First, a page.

This is the journal for the Calculator001 (dubbed "DL 13C") project. This is in chronological order (oldest to newest).
For some time I have off-and-on thought about a ‘cryptographic calculator’ – which is imagined as a specialized calculator that has functions for doing fundamental operations for encryption, such as bignum arithmetic, but also built-in primitives for doing DES, AES, RSA, DH, etc. There have been many times where I could use such a device, and have written several utility programs for performing various general and specialized operations.
Also for some time I have had a minor obsession with HP Voyager calculators (i.e. the HP-11C and family). The HP-11C was my first engineering calculator. O! To be sure, I did own a TI-30, and other contemporaries, but the 11C was different in some way. If you had one, you’ll understand. These calculators appealed to their owners in a way that somehow elicited a sense of ‘connection’, and the calculator became a sort of extension of the self as a kind of ‘numeric companion’. It was quite like owning a pet.
Anyway, I had given my 11C in favor of a 41CX, a 28S, and finally a 32SII. I got out of electrical engineering and didn’t really need a scientific calculator anymore, but still longed for my 11C. (Actually, I always longed for a 15C but I couldn’t afford it at the time, and anyway it wasn’t available at the Sam Solomon’s where I shopped.) The 11C (and friends) had a horizontal layout, which was unconventional for calculators. Calculators were (and still are) largely vertical, presumably to better facilitate holding in the non-preferred hand, but I liked the horizontal layout because I could better see the ‘function’ are of the keyboard to the left of the ‘digit’ area, and plan my hand-eye coordination better. And usually I use the calculator on the desk.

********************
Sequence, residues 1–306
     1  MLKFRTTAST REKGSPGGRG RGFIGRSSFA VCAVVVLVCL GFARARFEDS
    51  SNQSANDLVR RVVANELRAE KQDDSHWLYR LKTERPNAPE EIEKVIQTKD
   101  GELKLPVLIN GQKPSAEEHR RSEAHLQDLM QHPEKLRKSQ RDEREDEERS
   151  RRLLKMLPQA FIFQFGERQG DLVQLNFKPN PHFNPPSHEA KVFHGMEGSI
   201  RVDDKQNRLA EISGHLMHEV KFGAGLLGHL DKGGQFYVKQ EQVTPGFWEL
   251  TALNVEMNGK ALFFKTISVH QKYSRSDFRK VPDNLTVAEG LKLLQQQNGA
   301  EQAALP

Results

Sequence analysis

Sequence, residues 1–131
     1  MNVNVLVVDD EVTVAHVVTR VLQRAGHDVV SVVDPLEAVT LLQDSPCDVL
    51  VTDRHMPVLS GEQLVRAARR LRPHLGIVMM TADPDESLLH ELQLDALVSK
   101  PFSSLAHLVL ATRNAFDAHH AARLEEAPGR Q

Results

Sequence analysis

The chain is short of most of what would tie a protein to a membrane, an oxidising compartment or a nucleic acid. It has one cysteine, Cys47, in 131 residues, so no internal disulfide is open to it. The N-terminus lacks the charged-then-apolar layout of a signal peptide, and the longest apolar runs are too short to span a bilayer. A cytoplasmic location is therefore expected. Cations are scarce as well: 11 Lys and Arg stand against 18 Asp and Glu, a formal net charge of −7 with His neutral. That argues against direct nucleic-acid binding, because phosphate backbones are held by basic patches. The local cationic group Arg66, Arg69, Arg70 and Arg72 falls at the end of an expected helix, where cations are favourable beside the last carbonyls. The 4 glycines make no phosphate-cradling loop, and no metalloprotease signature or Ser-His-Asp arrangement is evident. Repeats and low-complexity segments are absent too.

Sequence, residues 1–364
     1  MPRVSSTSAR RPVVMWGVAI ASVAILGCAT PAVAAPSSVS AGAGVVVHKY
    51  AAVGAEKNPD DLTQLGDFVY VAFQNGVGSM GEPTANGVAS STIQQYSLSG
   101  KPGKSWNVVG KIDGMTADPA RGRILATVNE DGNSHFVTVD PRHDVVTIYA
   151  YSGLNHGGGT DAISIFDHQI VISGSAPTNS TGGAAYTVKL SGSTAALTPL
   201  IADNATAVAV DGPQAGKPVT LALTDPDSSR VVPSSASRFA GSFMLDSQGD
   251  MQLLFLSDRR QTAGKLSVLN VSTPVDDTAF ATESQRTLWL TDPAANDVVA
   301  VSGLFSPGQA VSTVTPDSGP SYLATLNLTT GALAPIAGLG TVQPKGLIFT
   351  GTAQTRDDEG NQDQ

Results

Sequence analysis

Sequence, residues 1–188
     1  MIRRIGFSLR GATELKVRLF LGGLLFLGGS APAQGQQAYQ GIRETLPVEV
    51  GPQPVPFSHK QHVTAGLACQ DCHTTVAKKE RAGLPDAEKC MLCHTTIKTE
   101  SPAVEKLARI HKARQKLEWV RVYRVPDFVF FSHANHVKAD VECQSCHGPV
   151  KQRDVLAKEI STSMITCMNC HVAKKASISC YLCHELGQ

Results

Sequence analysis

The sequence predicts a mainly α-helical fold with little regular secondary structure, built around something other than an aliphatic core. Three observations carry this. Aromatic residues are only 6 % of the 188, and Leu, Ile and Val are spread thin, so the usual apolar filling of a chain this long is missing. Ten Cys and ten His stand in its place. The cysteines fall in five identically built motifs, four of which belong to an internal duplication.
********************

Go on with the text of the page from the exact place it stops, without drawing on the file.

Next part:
I admit having felt a little embarrassed about being reminiscent about a calculator made in the 1980’s, but I was vindicated when I stumbled across several museums devoted to the calculator, petitions for their reproduction, and quite a healthy collector’s market in online auctions where the devices sell at a multiple of their new cost in the 1980’s! So I was definitely not alone in this thinking.
[I am breaking this initial post into parts, because these ideas came in different periods in the past, and wanted to somehow convey that, rather than making it seem that it all came together this way at once.]
So, ‘just the other day’ (which really means anywhere from years to months ago) I got the idea of physically making the ‘cryptographic calculator’. Also as of late I got the idea of making it resemble the design of the HP-1xC, which I loved so much. I have a tendency of enjoying putting a little bit of artistry in one-off designs like this. I am no artist, to be sure, but as one rarely gets to be strictly autocratic in one’s professional work, these little projects provide an outlet for doing something fun (and sometimes even outrageous).